People recommend premarital counseling, and so a wedding is an end. It's the deadline. Premarital counseling has to be finished by then. I decided Hendrix and I would do something like that. I found a list of important topics on the internet and questions for each topic, and I said we would discuss one topic per month. (This schedule has us finishing well before the US wedding, but after getting the marriage license in China- which is when we're legally married.) But, why exactly does it all have to get done before the wedding? They're definitely things that need to be discussed at the beginning of a marriage, but there's no reason that the exact date of the wedding would be an important factor in that. (I guess the only reason would be, what if you uncover some huge problems and decide not to go through with the wedding after all.)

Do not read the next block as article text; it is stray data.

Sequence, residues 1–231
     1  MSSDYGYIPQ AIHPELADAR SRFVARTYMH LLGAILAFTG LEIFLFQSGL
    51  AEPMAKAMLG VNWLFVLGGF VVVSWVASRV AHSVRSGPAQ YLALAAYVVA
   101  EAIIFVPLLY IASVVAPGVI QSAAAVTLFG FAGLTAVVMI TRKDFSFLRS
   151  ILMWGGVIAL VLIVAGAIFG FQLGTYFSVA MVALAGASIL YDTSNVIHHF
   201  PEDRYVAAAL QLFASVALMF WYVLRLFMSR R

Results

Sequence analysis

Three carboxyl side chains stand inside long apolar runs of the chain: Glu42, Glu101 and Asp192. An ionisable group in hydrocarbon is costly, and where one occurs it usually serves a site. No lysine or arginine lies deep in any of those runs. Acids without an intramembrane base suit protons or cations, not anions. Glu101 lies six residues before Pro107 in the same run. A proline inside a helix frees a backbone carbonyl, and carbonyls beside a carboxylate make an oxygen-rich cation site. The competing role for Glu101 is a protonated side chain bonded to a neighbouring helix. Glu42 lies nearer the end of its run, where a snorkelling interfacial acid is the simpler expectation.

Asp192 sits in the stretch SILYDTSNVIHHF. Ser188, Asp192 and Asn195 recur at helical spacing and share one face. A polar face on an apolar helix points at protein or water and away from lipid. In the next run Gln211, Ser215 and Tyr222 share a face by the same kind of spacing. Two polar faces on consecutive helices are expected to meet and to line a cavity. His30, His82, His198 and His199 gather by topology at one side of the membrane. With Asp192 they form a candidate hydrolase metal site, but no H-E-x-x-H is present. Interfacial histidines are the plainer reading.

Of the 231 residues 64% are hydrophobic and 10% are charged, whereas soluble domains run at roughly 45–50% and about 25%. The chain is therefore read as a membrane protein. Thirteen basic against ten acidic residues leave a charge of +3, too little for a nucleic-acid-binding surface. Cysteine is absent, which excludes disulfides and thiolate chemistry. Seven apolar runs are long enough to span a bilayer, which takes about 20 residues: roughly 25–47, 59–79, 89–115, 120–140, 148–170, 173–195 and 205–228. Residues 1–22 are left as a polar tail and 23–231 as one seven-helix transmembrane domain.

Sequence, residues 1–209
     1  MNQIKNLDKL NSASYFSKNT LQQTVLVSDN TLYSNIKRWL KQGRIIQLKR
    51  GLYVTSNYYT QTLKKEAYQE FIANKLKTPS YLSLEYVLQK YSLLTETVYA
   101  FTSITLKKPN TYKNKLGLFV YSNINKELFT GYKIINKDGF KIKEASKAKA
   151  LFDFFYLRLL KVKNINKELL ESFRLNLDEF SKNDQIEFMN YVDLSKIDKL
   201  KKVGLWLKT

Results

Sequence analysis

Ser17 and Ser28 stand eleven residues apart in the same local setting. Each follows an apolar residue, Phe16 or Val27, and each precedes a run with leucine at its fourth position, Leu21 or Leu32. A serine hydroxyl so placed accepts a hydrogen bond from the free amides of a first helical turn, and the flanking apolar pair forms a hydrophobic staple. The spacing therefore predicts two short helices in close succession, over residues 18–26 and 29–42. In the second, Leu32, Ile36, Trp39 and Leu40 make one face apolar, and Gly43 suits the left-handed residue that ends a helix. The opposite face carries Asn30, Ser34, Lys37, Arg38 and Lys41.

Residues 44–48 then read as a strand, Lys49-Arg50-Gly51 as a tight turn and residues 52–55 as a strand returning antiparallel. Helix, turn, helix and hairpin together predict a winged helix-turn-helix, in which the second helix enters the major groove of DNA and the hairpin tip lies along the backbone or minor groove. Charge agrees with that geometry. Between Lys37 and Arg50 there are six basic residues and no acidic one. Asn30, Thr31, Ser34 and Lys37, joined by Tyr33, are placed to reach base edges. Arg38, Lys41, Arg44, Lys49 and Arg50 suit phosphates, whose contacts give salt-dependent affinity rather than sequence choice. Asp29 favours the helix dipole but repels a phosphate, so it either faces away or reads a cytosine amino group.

[Also: back when I was in purity culture, I assumed "premarital counseling" meant basically "So, you both are really devoted to Jesus, right? Yeah? Really REALLY devoted? More than anything else? You're sure? Really sure? Okay good." Because they said the most important thing in a marriage is that both parties love Jesus more than anything. But actually, I'm pretty sure that premarital counseling at the average evangelical church is run by people with more practical experience with real-life marriage, so it's about actual relationship skills like communication and how to manage money. There's a disconnect between the abstract purity ideas they're teaching the teenage girls and the way they actually approach marriage. I call this hypocrisy.]